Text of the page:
Stainless steel is a unique metal alloy composed of steel (iron/carbon) and chromium. There are a variety of finishes that can be applied to stainless steel, from standard mill finishes, to specialty finishes such as brushed, polished, etched, and bead blasting. Corrosion resistance is a determining factor for a stainless steel finish. Generally, the rougher the surface finish, the lower the corrosion resistance.
The most common stainless steel finish is 2B. This method is cold rolled, heat-treated, pickled and pinch-passed, resulting a slightly reflective surface similar to a cloudy mirror. The 2B mill finish is achieved with an additional light cold roll pass, and is the standard finish for 201, 301, 304, 304L, and 316L stainless steel. Stainless steel with a 2B finish is generally used for bakeware and flatware, plumbing fixtures, solar panels, industrial equipment, and wheel covers.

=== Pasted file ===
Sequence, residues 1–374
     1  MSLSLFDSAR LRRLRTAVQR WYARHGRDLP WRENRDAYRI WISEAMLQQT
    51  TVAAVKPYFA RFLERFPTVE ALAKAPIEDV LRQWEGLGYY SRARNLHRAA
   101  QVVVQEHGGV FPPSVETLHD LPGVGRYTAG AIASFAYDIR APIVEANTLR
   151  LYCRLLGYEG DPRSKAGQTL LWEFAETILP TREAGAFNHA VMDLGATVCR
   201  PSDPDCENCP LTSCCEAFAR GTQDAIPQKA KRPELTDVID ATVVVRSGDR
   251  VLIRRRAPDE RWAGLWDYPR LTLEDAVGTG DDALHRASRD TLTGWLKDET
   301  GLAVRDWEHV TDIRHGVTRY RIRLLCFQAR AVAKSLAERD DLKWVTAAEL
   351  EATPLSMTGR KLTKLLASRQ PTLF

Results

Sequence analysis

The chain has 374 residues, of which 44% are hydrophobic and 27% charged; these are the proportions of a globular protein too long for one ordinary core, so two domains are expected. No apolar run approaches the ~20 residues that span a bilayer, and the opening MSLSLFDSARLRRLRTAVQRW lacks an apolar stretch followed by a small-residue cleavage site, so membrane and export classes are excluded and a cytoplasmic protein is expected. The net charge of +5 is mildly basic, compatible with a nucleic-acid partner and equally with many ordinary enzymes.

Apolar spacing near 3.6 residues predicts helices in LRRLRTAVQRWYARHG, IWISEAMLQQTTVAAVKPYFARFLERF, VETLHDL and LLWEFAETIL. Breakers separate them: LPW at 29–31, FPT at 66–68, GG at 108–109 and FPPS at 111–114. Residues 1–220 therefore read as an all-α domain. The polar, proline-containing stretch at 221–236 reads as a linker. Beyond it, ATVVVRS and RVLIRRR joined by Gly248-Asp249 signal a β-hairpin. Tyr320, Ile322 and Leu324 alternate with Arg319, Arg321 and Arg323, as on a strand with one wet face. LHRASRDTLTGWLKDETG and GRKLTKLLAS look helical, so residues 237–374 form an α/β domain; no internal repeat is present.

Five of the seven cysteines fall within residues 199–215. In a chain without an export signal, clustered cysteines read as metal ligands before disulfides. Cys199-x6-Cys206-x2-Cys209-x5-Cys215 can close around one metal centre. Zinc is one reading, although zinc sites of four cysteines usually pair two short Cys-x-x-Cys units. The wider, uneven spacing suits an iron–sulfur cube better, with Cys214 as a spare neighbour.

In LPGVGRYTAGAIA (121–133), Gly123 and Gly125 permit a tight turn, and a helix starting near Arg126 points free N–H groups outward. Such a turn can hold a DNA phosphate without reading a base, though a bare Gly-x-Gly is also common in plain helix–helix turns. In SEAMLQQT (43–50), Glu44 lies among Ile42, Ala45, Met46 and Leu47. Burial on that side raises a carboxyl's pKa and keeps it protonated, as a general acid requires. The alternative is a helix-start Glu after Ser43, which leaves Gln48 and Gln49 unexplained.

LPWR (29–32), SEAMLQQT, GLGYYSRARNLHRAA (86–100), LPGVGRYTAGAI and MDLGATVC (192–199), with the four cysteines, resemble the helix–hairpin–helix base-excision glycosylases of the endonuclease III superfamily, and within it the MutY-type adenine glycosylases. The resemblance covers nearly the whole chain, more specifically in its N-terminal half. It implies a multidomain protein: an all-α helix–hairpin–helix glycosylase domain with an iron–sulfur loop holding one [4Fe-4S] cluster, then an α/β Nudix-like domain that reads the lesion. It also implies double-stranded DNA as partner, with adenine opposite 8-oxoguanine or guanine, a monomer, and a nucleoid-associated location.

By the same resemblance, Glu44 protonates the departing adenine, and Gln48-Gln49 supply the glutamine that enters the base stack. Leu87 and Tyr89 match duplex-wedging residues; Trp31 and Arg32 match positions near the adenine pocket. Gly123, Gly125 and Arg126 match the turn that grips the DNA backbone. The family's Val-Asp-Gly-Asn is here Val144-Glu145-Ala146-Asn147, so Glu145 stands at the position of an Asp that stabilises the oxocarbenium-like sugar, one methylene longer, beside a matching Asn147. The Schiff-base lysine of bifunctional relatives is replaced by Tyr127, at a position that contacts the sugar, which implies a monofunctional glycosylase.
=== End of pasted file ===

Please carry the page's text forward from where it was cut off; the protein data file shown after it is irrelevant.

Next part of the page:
A No. 4 finish is sometimes called the workhorse finish, as it is easy to maintain in high-traffic areas such as handrails, kitchen equipment, stainless steel sinks, bus shelters, elevator doors, and work surfaces. Stainless steel with a No. 4 finish is attained by mechanically polishing the metal with fine abrasives belts to remove minimal amounts of metal from the surface. The resulting appearance has short, parallel lines for a linear effect. No. 4 finished stainless steel will appear different from manufacturer to manufacturer due to different belts and grit sizes, which usually range from 120 to 320 grit, depending on the project requirements. The higher the grit, the finer the lines and the more reflective the surface will be. No. 4 finished stainless steel is duller than stainless steel with a 2B finish.